Download 2016-Disability_Status_Report_US

PCPID Releases Report on Direct Support Workforce | Administration for Community Living

February 14, 2018 The President’s Committee for People with Intellectual Disabilities (PCPID) has released its 2017 report, America’s Direct Support Workforce Crisis: Effects on People with Intellectual Disabilities, Families, Communities and the U.S. Economy.

Source: PCPID Releases Report on Direct Support Workforce | ACL Administration for Community Living

Direct support professionals (DSPs) provide services and supports that empower people with intellectual disabilities to live in the community.

In the report, PCPID notes that DSPs promote participation in the U.S. economy “by helping people with an (intellectual disability) get jobs and by enabling family members to work.”  The report describes the current state of the DSP workforce as a “crisis,” noting that the average DSP wage is $10.72, most work two or three jobs, and the average annual DSP turnover rate is 45%.

The report also explores:

  • How these issues affect individuals, families, and human services systems.
  • The factors that contribute to these issues
  • Promising practices to strengthen the direct support workforce

PCPID serves in an advisory capacity to the President of the United States and the Secretary of Health and Human Services (HHS) promoting policies and initiatives that support independence and lifelong inclusion of people with intellectual disabilities in their respective communities. The committee includes representatives from several federal agencies and 13 citizen members.

Read the full report (PDF) or a plain-language version (PDF).

Broad PCORI Funding Announcements – Cycle 1 2018 (for Addressing Disparities, Assessment of Options, Communication and Dissemination Research, Improving Healthcare Systems) | PCORI

Source: Broad PCORI Funding Announcements – Cycle 1 2018 (for Addressing Disparities, Assessment of Options, Communication and Dissemination Research, Improving Healthcare Systems) | PCORI

Letters of Intent are due Tuesday, February 13, 2018, by 5:00 p.m. ET.
Those selected to submit a full application will be notified by Wednesday, March 14, 2018.
Full applications are due Wednesday, May 16, 2018, by 5:00 p.m. ET.

The Broad PCORI Funding Announcements (PFAs) seek investigator-initiated applications for patient-centered comparative clinical effectiveness research (CER) projects aligned with our priority areas for research. This PFA covers the following four priority areas: Addressing Disparities; Assessment of Prevention, Diagnosis, and Treatment Options; Assessment of Prevention, Diagnosis, and Treatment Options; Communication and Dissemination Research; and Improving Healthcare Systems. We are looking for your best ideas to address needs of patients, caregivers, clinicians, and other healthcare stakeholders in making personalized clinical decisions across a wide range of conditions, populations, and treatments.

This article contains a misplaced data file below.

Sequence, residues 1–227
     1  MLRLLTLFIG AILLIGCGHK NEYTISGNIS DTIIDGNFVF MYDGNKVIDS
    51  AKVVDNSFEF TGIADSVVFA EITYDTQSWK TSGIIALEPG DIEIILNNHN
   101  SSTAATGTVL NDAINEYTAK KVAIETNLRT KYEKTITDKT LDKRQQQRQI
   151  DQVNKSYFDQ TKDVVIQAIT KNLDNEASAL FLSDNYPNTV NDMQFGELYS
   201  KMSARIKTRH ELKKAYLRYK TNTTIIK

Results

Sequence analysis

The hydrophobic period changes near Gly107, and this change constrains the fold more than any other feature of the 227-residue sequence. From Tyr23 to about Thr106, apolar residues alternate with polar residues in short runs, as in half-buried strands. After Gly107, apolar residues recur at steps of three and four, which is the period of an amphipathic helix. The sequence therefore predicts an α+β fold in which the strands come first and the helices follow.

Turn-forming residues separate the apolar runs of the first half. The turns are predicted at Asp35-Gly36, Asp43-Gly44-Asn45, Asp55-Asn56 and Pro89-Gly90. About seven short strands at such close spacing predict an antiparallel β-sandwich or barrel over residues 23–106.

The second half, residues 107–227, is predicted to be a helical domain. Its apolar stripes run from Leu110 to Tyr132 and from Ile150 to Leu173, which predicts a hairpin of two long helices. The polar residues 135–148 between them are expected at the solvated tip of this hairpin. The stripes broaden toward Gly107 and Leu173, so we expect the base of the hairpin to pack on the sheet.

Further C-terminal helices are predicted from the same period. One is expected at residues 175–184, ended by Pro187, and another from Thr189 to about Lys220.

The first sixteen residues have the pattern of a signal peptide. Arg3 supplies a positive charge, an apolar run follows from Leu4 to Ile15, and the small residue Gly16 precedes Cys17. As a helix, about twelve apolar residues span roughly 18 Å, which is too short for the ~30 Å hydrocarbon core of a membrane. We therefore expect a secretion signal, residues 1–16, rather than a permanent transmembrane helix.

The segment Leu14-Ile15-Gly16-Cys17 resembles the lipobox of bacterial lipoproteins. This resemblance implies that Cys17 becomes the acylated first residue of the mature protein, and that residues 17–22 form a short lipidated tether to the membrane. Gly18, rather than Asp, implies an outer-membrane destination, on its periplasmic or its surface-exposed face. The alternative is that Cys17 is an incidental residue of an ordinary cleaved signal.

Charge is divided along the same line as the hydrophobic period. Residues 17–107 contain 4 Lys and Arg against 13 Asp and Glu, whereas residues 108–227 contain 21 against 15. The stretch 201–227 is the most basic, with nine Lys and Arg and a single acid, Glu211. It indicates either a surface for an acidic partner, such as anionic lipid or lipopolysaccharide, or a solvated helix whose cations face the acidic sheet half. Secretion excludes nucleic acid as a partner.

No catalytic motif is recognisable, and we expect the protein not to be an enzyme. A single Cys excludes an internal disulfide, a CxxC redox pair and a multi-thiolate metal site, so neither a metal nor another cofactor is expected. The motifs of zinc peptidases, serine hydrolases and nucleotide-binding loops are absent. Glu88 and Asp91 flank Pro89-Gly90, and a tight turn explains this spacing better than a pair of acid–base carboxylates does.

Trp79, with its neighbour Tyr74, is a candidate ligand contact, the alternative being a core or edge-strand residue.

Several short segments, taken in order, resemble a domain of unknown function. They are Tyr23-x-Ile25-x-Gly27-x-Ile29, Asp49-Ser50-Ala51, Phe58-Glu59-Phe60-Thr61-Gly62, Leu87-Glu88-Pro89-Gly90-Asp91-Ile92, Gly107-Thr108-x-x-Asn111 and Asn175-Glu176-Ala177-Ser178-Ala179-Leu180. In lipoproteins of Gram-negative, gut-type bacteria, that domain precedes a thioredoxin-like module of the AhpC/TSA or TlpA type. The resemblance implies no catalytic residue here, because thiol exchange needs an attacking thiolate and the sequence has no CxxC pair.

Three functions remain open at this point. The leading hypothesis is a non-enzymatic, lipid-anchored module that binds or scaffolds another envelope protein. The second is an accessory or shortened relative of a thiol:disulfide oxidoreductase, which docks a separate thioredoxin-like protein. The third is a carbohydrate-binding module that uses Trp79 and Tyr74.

These broad areas encompass the patient-centered comparative clinical effectiveness research we support. As our work progresses and we engage with a broad range of patients, caregivers, clinicians, and other healthcare stakeholders, we may develop additional national priorities for research.

Our National Priorities for Research and Research Agenda is a framework to guide our funding of comparative clinical effectiveness research that will give patients and those who care for them the ability to make better-informed health decisions. The framework was developed by workgroups of our Board of Governors, members of our Methodology Committee, and staff. It was revised in response to public comments and accepted by the Board on May 21, 2012.

Deborah Munroe Noonan Memorial Research Fund – Health Resource in Action

Source: Deborah Munroe Noonan Memorial Research Fund – Health Resource in Action

The Deborah Munroe Noonan Memorial Research Fund, established in 1947 by Frank M. Noonan in memory of his mother, continues its proud tradition of supporting improvements in the quality of life for children with disabilities with one-year grants up to $80,000 (inclusive of 20% indirect costs). Recognizing that children’s health services and supports are provided in a wide range of community settings as well as hospitals, the Noonan Research program welcomes research proposals from both nonprofit organizations and academic institutions that serve children with physical or developmental disabilities and associated health-related complications. Eligible organizations and target populations must be within the Fund’s geographic area of interest of Greater Boston. Neither a faculty position nor an advanced degree is required.

The Sara Elizabeth O’Brien Trust, Bank of America, N.A., Trustee, will support up to one additional project submitted to the Noonan Research Fund focusing on medical research related to blindness in children and adolescents.  Please note, the O’Brien Trust does not fund work on other visual impairments, e.g., strabismus. The O’Brien Trust is not restricted to the Noonan geography specified by the Noonan Research program.

Proposals for basic science research will not be considered (except for proposals focused on blindness funded by the O’Brien Trust), nor will applications for capital costs such as buildings, renovations, or major equipment items. The Noonan Fund does not support direct service, primary prevention projects, or primary medical conditions such as obesity or device development. Drug trials are not supported by the Noonan Research Fund.